Butler went on to instruct the assistant adjutants to call at headquarters after the completion of the crossing to receive the countersign and watchwords that would be used for the security of the army. His gave clear instructions for how soldiers and officers were to conduct themselves in the event of an alarm:
…The most rigit constructions will be given to the Articles of War in relation to false alarms and Centinals are warned not to fire without drawing blood, One gun will constitute an alarm when the Troops will occupy ground 25 yards, without noise or confusion and the officer of the day will report at Head Quarters as soon as possible the cause of alarm. The Genl. looks to the Genls. of Brigades for the faith and rigid execution of this order and tenders to the Army his Compliments that they will soon perform service to meet the approbation of their Country. [V]
The brigade generals with the army at the time of the crossing included Maj. Gen. Edmund P. Gaines who commanded the regular troops, Brig. Gen. Thomas Glascock who commanded the Georgia militia and Col. Noble Kennard who was temporarily commanding the Creek troops during the absence of Brig. Gen. William McIntosh.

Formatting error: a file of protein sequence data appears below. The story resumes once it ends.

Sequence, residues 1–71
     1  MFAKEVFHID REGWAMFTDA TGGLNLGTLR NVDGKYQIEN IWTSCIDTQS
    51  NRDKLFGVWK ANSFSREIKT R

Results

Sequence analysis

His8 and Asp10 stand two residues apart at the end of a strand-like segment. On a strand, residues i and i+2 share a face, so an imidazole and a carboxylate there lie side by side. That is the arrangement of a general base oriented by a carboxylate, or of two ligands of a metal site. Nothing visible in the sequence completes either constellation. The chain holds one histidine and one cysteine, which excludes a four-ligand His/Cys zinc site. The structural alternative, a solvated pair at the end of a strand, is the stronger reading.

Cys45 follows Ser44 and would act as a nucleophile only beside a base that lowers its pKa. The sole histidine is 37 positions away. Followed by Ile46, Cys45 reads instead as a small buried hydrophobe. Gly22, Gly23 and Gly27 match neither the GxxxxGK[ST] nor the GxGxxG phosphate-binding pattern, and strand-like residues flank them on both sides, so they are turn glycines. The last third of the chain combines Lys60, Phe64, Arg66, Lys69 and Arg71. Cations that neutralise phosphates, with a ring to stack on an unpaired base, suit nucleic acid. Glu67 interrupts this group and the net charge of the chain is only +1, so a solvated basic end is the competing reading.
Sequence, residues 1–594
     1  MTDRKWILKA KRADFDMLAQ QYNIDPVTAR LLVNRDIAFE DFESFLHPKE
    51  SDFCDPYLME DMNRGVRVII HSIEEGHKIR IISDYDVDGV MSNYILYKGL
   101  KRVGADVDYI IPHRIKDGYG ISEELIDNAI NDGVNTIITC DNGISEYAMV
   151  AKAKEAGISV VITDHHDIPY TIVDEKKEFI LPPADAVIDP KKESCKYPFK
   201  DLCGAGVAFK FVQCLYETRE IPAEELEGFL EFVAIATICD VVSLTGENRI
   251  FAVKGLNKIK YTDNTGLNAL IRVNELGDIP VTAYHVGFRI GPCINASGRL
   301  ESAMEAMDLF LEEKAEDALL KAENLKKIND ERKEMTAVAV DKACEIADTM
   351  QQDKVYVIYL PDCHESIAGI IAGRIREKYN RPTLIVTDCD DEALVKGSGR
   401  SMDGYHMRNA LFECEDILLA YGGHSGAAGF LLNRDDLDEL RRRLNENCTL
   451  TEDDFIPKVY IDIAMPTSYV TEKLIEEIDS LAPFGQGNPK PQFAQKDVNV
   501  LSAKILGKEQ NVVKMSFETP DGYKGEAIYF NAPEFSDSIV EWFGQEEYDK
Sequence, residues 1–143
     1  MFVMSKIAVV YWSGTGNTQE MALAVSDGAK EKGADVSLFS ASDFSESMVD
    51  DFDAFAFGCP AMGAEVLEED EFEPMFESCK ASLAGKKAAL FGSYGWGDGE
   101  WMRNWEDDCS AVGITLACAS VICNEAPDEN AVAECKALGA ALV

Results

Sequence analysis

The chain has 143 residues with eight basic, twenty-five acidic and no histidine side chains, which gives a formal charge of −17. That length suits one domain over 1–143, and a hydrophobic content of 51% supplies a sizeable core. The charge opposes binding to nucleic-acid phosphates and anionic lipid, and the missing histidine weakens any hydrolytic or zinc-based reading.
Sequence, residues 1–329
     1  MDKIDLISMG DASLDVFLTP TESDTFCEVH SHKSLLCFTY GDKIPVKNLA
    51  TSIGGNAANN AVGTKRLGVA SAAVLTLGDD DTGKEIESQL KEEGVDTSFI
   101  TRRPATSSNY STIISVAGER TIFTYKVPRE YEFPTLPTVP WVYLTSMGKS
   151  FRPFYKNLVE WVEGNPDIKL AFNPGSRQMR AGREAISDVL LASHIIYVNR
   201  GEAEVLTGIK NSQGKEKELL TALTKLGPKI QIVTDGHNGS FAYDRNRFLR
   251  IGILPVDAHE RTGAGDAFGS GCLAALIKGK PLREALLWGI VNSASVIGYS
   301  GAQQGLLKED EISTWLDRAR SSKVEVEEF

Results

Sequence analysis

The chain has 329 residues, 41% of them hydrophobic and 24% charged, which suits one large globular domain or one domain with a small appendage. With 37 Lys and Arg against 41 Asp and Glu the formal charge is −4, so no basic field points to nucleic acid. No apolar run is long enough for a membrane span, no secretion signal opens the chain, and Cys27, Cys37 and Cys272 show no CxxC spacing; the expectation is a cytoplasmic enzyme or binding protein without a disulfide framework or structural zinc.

The total strength of the army on the day of the crossing was around 2,200 men (900 militia, 600 Creek warriors and around roughly 700 regular troops) Gen. McIntosh was west of the Chattahoochee with another 700-900 Creeks, heading for the headwaters of the Chipola River. Two regiments of mounted Tennessee Volunteers had been expected to join he army at Fort Scott, but had disappointed Jackson by halting at Fort Mitchell.
Fearing that they would starve in the wilderness, the Tennesseans turned east on the Old Federal Road and headed for the Creek Agency on the Flint River and Fort Hawkins on the Ocmulgee. Had they marched down the Chattahoochee as ordered, they would have reached Fort Scott in time to join in the crossing but instead would not form a junction with Jackson until the Florida invasion was well underway.
The army consumed one full day of its three days’ supply of rations during the crossing of the Flint and was left with only two days’ of food as it bedded down for the night on the hills south of the river but still within sight of Fort Scott.
This series will continue tomorrow. You can catch up on any articles that you might have missed by visiting Seminole War 200th Anniversary. The photographs included in this article were taken during the annual Scott 1817 Seminole War Battle living history event. The 2018 version of this great event will take place on November 30 – December 2 at River Landing Park in Chattahoochee, Florida. The public is invited so mark your calendar now and plan to attend!
Learn more about Fort Scott and the First Seminole War from the books at the bottom of this page and by watching this free documentary from Two Egg TV:
[I] Maj. Gen. Andrew Jackson to Secretary of War John C. Calhoun, March 26, 1818.
[II] John Banks, Diary of John Banks, 1936.
[III] Capt. Hugh Young, “Topographical Memoir of East and West Florida with Itineraries of Gen. Jackson, 1818,” The Florida Historical Quarterly.
[IV] Col. Robert Butler, General Orders of March 10, 1818.